As you help pack up the minifridge, laptop and extra-long twin sheets for your college freshman, you might consider a few other last-minute chores: ... Call your lawyer.
Sending a child off to college for the first time is wrenching enough, but a slew of conflicting rules and changing banking and health-care laws are making this year's move-in season more confusing than ever. And with college costs and student debt at record levels, it is all the more important for students—and their parents—to avoid the new financial traps cropping up on campuses these days, from debit cards to health insurance. ...
Even as parents foot the bill for health care, privacy laws restrict doctors, nurses and student health from sharing information without an adult student's permission. That is where the lawyer comes in.
After a few clients ran into difficulty getting information about adult children who were ill, Sheila Benninger, an attorney in Chapel Hill, N.C., began recommending that clients' children designate a health-care power of attorney after they turn 18 to identify who can speak for them if they can't.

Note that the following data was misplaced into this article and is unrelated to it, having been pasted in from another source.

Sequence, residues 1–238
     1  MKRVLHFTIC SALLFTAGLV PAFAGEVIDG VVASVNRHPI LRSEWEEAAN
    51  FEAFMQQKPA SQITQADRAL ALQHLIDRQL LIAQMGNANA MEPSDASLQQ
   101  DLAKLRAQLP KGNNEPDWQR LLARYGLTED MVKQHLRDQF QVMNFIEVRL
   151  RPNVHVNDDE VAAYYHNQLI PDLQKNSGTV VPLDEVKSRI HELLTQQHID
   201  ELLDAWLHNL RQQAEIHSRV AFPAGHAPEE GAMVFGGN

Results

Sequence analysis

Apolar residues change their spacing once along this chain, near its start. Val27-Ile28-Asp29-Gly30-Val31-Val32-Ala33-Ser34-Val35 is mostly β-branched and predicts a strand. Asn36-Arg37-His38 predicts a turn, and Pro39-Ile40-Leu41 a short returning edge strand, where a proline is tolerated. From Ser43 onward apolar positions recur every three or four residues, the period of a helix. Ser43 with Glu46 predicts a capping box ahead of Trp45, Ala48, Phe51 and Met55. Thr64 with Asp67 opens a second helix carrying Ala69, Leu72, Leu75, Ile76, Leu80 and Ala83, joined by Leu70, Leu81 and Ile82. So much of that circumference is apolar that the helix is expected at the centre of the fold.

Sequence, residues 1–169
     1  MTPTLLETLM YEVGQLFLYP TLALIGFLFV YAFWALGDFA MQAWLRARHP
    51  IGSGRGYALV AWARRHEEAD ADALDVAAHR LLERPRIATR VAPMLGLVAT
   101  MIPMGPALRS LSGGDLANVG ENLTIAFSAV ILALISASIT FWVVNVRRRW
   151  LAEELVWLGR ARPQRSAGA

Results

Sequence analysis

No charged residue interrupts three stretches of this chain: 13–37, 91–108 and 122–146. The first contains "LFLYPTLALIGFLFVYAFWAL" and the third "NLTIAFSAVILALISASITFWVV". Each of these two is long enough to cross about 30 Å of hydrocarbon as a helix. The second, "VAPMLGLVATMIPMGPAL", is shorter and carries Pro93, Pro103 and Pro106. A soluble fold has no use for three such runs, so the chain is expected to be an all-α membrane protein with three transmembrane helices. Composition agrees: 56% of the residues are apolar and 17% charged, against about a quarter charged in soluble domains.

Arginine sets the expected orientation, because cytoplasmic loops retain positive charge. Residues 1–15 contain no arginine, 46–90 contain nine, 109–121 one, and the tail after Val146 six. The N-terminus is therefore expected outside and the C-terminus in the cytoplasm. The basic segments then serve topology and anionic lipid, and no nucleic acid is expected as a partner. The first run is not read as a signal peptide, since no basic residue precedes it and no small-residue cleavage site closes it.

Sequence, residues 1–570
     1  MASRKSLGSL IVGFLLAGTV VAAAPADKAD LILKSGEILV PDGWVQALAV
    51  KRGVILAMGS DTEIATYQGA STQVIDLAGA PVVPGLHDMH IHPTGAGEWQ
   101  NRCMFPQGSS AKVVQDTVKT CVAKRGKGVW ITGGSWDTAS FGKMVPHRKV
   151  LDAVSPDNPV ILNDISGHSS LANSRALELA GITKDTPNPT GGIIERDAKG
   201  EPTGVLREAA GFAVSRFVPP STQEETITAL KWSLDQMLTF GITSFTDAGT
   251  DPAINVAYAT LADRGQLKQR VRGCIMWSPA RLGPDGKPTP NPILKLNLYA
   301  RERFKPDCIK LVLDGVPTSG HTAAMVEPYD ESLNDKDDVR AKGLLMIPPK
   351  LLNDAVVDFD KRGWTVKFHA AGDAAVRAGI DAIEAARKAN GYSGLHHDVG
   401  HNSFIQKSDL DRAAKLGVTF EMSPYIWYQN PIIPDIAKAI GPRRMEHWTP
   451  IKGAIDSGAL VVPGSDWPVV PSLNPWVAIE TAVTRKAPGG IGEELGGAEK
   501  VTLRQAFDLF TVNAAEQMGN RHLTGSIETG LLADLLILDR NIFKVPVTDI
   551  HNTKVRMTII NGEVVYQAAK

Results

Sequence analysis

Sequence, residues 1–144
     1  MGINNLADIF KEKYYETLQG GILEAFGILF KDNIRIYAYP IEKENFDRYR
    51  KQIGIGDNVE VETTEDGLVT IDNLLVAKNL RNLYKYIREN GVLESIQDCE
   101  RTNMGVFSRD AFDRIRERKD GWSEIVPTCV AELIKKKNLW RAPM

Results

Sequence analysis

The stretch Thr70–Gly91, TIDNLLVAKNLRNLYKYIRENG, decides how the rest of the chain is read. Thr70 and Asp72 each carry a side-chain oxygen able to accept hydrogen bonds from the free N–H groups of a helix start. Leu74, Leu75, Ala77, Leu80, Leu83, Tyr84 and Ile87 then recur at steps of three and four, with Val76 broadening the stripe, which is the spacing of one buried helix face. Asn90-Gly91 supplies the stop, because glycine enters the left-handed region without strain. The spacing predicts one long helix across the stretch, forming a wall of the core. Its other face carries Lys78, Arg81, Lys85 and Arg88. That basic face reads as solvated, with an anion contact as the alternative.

She also includes a Health Insurance Portability and Accountability Act, or HIPAA, release form that allows patients to determine who can receive information about their medical care and whether information about treatment for substance abuse, mental health or sexually transmitted diseases can be disclosed.
You don't have to use a lawyer. Generic health-care power-of-attorney forms can be found online. If the school has a HIPAA release online, it's best to use that more-tailored document.
Parents should keep a copy in an email folder, where it can be easily accessed in an emergency. And students should designate a general power of attorney so someone can pay bills or handle other issues if they go abroad.
"Even if you end up never using these documents," Ms. Benninger says, they help young people "understand the obligations of adulthood."